Build this foundation, and you will have more opportunities come into your life but this time you will be more selective.

You have what it takes to be financially free by wanting less.

Self Awareness

Self-awareness was first theorized in 1972 by Duval and Wicklund in their book, “A Theory of Objective Self-Awareness.” This book argues that if we focus our attention inwardly on ourselves, we tend to compare our behavior in the current moment to our general standards and values. This triggers a state of impartial self-awareness.

Self-awareness is a vital first step in taking control of your life, creating what you want, and mastering your future. Where you choose to focus your energy, emotions, personality, and reactions determines where you will end up in life.


I’m not promising you will have all the riches and wealth you will ever need. I’m not saying you won’t ever have problems in your life if you’re just grateful and self-aware. But what I am saying is you have what it takes to feel free. You will not be happy if you always want more. Stop comparing yourself to others. 

I look at financial freedom slightly different. It doesn’t have to be a jet and expensive hotels every other weekend. It starts with your thoughts of wanting less and being happy with what you have. 

8 Ways Minimalism and Money Are Related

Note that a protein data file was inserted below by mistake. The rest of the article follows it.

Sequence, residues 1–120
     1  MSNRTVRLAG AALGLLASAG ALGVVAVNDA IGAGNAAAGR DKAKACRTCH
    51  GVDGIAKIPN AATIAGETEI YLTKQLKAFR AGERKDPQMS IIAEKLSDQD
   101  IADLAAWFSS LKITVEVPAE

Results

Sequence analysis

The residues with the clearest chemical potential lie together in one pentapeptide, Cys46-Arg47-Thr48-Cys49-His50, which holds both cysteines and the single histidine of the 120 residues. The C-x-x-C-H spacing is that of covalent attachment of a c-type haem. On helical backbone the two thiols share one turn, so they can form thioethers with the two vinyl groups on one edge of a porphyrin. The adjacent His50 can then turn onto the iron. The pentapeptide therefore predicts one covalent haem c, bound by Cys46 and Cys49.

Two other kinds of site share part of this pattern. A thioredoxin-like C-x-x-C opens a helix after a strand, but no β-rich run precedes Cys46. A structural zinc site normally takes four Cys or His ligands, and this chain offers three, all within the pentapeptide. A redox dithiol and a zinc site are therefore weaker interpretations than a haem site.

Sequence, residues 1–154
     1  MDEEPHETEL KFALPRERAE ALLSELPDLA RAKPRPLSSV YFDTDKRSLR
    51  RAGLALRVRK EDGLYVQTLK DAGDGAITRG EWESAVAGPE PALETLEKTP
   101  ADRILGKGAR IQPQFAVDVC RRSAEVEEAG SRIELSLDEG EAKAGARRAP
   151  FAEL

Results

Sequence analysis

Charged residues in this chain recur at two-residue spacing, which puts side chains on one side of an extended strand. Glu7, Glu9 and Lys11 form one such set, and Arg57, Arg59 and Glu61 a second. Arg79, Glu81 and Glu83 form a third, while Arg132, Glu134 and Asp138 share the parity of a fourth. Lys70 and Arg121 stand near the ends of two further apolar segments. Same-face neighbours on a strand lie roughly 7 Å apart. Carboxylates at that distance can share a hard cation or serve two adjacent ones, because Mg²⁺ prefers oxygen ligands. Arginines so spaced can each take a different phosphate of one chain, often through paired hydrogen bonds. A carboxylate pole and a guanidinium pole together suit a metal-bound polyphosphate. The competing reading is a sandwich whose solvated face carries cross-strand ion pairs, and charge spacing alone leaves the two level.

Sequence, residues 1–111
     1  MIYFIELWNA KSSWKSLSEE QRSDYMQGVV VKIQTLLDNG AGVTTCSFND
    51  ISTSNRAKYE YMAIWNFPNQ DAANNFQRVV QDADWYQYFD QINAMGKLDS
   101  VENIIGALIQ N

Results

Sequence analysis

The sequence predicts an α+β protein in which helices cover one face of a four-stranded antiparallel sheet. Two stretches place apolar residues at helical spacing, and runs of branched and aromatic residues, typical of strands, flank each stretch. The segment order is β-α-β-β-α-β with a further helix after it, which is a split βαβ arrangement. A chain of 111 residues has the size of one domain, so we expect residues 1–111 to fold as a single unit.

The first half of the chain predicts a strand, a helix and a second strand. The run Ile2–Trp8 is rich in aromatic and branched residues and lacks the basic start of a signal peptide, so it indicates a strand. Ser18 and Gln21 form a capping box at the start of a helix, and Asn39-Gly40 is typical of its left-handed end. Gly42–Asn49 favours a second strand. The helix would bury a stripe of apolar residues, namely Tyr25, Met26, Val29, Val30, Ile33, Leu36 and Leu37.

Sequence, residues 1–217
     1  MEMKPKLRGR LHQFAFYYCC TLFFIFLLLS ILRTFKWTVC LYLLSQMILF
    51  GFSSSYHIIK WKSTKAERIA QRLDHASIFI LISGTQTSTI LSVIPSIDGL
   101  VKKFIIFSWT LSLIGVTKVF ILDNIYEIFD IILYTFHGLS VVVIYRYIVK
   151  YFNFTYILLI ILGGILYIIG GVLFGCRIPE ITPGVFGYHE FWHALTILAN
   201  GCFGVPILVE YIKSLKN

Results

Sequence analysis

8 Ways Minimalism and Money Are Related

Are you someone that recently discovered minimalism and now wants to be better with money? Or perhaps you’re like me and are interested in personal finance which has led you down the path to minimalism.

Why is that? Why do frugal people discover minimalism and visa versa, minimalists discover frugality?

These are questions I hope to answer today as I explain 8 ways that minimalism and money are related.

How I Discovered Minimalism

As a kid, I showed signs of minimalism in at least three ways:

  1. Each time I cleaned the kitchen I had to have everything off the counters
  2. I got so much satisfaction out of finishing all of the food in the pantry
  3. I loved the feeling of getting rid of unused stuff

At times, I still show the same behaviors and now I think it drives my wife nuts! 

In a way, I’ve always been somewhat of a minimalist but I’ve never defined myself as a “minimalist”.

I consider myself more of an “aspiring minimalist.”

I don’t rank high on the minimalism scale but I do love living a simple life, having a neat and clean home, and getting rid of stuff I don’t need. 

It wasn’t until I watched the documentary on Netflix called Minimalism that I discovered there are other people with my same tendencies.

I began to see it as a life optimization strategy.